Today, I choose to highlight the individual awesomeness of Sue Tappenden.
I came home from the office today and found the envelope of Schroedinger’s Feedback. It was brilliant and life affirming and devastating all at the same time, until it was opened. It was from Sue. Her handwritten notes all over the first draft of my book. It arrived on the International Day of Awesomeness.
Sue and I joined Jessica Killingley’s Bookcamp together in the summer of 2018. She was intending to write what I think of as a “proper business book” and I thought of myself from the outset as the odd one in the group, because I was writing a book about grief. Not that I was actually writing anything at that stage, we were planning. Well, we were supposed to be planning, but I was going around in circles.
Jessica took pity on a small number of us who went through her first course and didn’t want to leave but weren’t ready to join the mastermind. It felt like we were the Musketeers. We listened and chipped in for each other, invested ourselves in each other’s work. Sue and Jessica helped me figure out what I was trying to achieve – bloody vital before you write a book!
I wanted to write the book that I wished had existed for somebody to give to me, so that I did not feel alone in my not-the-fairytale-love-story-type-of-widowhood. I wanted to write a book that was honest about the awkward moments, the shitty moments, the ugly crying and the sparkly unicorns-dancing-on-rainbows-recovery that was possible. I wanted to write a book that would help people.
I didn’t have a course to turn into a book, I had my own life experience. It was scary. And as it turned out, writing it was a therapeutic process. Sue and Jessica have held my hands, nudged and shoved me onwards. Sue has been incredibly generous with her diplomatic sanding of my jaggy bits. She may not even know that she’s done it, but Sue has shown me my sharp edges and helped me soften them.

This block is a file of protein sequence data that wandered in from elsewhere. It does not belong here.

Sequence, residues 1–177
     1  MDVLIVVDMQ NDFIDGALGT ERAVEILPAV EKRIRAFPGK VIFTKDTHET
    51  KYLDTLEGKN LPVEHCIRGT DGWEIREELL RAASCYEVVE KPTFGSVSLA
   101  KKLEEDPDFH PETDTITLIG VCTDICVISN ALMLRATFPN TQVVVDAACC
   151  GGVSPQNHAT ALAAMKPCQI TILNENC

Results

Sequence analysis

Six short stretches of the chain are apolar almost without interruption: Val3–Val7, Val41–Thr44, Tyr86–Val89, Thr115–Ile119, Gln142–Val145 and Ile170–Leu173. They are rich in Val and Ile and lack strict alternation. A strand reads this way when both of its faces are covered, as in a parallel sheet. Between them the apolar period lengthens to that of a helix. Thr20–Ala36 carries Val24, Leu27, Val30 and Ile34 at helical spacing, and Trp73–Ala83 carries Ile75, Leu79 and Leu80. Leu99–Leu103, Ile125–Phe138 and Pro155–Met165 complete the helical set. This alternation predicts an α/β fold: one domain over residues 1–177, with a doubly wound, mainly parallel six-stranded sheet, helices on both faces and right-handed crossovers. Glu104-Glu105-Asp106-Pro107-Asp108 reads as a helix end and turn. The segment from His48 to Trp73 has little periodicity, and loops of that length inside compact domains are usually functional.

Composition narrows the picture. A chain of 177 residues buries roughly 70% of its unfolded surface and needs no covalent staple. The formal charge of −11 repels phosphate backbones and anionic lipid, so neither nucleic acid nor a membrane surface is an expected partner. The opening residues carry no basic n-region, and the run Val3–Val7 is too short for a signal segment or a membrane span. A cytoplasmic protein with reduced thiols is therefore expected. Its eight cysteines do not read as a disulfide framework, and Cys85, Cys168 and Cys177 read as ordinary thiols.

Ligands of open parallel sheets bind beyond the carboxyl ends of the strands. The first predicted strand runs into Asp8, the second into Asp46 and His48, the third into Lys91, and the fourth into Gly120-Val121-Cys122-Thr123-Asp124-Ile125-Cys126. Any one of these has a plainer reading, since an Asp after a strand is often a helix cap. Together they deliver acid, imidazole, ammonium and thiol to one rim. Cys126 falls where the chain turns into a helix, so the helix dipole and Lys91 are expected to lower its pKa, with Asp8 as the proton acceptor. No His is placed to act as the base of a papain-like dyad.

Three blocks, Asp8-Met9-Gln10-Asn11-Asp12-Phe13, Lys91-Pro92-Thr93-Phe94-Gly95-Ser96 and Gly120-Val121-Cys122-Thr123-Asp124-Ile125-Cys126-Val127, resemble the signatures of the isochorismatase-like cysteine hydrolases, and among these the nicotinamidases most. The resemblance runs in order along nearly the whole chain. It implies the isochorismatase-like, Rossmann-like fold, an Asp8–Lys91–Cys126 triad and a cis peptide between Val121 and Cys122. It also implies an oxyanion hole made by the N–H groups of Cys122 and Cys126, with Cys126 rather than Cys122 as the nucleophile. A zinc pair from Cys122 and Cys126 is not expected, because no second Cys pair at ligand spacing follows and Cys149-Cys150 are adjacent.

She volunteered to be one of my test readers, and I knew I wanted to hear what she thought of my draft. I decided it was done when I knew I needed to step away and get comments before I re-read it. This period of anticipation – otherwise known as “shitting bricks” – is tough for the author, but I think it is actually much tougher for the trusted confidante who is formulating the feedback. The sense of responsibility is huge. And when the book is as soul baring as mine is, there is an added delicacy to the process.
I will sit down tomorrow, for Wednesdays are my writing days, and read through all of the scribbles and absorb them, and feel the love with which I know they have been penned.
On Thursday I have a feedback meeting with Ann, and on Tuesday a feedback call with Nina. Then I will have three sets of feedback to sit with before I tackle the second draft. I am so blessed to have these phenomenal women to call upon.
Today, International Day of Awesomeness, belongs to you Sue. Thank you for being with me from the first time I opened my mouth to say what I was showing up for, thank you for being so bloody vital to my healing and for all of the hours you have put into helping me with this book. I love you missus xx
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